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June 2012

Three-Years-Old, Not Talking Yet, In Need of Advocate

Advocates for Children staff attorney Randi Levine holds a workshop for parents and child care professionals on changes to City policies affecting young children with disabilities.

First words, first steps, the ABCs—milestones that mean the world to parents and are important benchmarks in a child’s development. When kids don’t meet these markers by a certain age, early therapeutic help can make the difference.

The New York State Early Intervention Program provides free speech, physical, and other therapies to children from birth to age three. If a child continues to need help, as many do, new agencies become responsible, and children can slip through the proverbial bureaucratic cracks. “For a child with disabilities, birth through age six is a time of frequent transition, and for the parents that can be very bewildering and stressful,” says Kim Sweet, executive director of Advocates for Children. By first grade, the Department of Health and the Department of Education’s (DoE) Committees on Preschool Education and Special Education may have all played a part in serving a child.

The coming year will be particularly challenging for families as the State and City plan major changes to services for disabled children. An$80,000 grant to Advocates for Children will support its work to make policies responsive to the needs of disabled kids and their families. One proposed change would have private insurers take over some of the costs from government, a move supported by Advocates. But the agency is fighting a stipulation that would give health insurance representatives a role in deciding what services children can get.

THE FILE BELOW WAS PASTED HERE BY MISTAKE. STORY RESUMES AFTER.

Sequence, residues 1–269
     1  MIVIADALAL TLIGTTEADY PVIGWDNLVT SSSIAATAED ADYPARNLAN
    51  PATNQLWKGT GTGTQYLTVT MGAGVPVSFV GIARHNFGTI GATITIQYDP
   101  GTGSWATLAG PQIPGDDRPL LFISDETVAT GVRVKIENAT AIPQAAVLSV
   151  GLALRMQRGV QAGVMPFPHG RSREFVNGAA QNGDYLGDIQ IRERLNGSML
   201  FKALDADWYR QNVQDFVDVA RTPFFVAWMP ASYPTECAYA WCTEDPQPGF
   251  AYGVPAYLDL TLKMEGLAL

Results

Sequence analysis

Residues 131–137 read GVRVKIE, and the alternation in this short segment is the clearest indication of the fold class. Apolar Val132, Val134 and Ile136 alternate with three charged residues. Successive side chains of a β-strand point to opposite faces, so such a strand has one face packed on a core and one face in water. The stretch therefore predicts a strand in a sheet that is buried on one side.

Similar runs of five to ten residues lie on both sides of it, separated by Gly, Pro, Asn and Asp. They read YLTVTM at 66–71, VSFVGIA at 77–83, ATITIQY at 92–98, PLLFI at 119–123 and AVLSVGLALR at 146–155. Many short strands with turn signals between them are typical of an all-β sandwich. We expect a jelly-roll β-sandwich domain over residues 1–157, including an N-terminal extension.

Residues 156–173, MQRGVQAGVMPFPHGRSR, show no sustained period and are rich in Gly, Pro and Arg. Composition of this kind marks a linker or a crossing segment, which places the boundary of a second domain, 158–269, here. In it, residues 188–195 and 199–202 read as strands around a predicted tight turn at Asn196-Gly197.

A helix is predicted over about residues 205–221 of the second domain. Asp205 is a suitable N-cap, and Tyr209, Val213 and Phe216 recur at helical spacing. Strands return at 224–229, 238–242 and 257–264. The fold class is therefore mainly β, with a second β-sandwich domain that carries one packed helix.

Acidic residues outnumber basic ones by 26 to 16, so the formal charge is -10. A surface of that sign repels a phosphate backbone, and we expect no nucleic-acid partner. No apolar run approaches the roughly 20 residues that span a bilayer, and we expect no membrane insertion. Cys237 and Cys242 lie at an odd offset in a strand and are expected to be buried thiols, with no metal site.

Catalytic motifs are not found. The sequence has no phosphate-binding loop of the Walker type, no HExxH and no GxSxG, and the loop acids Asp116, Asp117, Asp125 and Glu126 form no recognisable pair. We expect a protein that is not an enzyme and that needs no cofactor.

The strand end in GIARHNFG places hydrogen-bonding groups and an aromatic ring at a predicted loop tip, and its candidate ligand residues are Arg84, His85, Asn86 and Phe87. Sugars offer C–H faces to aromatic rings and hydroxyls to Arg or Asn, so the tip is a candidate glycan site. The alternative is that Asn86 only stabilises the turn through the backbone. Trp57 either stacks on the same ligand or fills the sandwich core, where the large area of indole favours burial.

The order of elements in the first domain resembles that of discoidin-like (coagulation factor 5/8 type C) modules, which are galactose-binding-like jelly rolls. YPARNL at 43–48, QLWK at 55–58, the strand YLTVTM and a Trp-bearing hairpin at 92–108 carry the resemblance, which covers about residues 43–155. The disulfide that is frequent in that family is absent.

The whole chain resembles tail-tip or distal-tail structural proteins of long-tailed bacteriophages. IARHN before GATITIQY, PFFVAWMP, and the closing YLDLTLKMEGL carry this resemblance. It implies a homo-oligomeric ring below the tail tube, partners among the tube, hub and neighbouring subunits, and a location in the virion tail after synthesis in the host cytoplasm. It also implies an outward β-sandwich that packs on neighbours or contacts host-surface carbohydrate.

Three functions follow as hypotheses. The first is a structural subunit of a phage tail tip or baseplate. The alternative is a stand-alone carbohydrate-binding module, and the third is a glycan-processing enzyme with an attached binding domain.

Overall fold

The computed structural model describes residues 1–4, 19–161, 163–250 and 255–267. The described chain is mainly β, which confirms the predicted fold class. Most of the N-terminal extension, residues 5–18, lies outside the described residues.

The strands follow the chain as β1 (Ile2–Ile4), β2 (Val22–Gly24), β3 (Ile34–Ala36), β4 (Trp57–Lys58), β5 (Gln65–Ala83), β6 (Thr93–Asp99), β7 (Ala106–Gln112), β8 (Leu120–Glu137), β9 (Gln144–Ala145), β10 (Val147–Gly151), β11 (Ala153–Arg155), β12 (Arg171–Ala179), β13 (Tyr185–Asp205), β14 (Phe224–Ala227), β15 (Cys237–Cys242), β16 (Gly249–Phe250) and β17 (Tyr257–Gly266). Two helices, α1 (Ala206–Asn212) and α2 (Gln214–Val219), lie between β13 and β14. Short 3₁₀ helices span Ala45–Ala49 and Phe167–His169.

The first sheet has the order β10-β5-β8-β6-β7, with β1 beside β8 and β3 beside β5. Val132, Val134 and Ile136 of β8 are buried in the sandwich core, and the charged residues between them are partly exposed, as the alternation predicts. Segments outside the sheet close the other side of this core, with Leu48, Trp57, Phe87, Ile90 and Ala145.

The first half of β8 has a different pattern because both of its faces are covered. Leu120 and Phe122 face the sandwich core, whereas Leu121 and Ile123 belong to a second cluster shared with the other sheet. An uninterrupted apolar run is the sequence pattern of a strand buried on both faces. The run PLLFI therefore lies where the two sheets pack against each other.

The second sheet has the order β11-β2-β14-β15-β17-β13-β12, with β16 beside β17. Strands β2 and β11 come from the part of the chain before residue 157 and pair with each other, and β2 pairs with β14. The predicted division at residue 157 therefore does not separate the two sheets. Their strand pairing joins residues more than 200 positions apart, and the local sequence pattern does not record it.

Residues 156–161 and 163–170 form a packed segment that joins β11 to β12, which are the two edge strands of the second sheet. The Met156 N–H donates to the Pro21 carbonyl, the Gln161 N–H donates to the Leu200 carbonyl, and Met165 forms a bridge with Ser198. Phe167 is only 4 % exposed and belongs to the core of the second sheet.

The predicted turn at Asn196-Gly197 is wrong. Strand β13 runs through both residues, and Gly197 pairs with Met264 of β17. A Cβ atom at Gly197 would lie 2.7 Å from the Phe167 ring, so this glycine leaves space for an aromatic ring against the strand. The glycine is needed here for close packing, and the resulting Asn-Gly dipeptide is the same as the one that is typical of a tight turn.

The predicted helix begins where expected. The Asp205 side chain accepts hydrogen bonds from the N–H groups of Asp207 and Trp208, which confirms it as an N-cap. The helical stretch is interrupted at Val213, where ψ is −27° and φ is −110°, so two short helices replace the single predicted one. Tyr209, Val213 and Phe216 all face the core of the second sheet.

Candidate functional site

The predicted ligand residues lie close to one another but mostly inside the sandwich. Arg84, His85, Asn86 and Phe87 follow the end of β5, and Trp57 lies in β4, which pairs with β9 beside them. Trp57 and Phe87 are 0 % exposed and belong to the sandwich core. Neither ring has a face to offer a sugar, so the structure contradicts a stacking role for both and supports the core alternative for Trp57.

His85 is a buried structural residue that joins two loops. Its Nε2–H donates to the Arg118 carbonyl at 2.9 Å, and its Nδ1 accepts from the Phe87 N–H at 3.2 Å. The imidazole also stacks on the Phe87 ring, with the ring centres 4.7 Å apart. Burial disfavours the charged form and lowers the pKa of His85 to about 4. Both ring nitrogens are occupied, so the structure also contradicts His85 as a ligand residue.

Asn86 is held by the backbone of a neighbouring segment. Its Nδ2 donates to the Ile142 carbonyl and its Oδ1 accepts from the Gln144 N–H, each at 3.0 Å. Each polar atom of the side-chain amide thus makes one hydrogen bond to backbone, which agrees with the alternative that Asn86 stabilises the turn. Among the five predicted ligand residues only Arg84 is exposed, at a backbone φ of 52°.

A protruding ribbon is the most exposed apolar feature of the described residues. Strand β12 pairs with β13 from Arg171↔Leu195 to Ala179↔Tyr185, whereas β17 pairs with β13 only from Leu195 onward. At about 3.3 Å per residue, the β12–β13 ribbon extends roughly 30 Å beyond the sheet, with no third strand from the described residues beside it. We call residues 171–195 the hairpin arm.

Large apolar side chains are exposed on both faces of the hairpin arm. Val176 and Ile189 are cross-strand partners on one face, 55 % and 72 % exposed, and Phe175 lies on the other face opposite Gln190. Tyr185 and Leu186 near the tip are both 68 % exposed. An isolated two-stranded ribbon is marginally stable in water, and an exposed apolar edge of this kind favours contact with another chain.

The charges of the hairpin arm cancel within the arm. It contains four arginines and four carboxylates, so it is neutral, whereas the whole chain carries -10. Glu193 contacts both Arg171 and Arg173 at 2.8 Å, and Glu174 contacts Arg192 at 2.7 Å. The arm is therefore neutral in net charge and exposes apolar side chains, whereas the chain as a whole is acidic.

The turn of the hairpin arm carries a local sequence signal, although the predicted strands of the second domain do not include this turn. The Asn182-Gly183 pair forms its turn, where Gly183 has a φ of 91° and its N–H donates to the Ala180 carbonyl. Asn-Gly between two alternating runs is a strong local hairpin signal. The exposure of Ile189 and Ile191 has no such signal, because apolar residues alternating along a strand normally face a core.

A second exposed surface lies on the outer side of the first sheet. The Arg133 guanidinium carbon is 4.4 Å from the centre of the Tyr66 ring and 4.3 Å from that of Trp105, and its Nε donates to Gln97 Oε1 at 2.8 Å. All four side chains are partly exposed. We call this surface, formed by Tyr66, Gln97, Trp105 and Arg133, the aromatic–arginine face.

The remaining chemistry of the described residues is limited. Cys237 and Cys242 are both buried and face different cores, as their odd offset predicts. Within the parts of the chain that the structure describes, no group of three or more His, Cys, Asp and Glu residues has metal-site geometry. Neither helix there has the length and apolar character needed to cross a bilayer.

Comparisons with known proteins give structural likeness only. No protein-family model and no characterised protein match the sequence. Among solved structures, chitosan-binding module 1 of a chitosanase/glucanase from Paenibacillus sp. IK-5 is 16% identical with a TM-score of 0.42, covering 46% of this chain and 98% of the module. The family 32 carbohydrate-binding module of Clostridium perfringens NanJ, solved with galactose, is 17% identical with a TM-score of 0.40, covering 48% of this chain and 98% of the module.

Advocates will run workshops on the changes and update its Turning 5 Guide for parents and professionals. The group will also provide legal advice and representation to low-income families. “We want to make sure that parents know the full range of schools available to their kids, how and when to apply, and what special services they are entitled to,” Sweet continues.

“Because of their work directly with families, Advocates plays a particularly important role in learning their needs and are then able to apply that knowledge directly to policies that shape the future of so many of the City’s children,” says Trust program officer Shawn Morehead.

In addition, a $100,000 grant to the Fund for Public Advocacy will be used to assess DoE’s efforts to reform special education, including changes to admission procedures for kindergarten students with disabilities.

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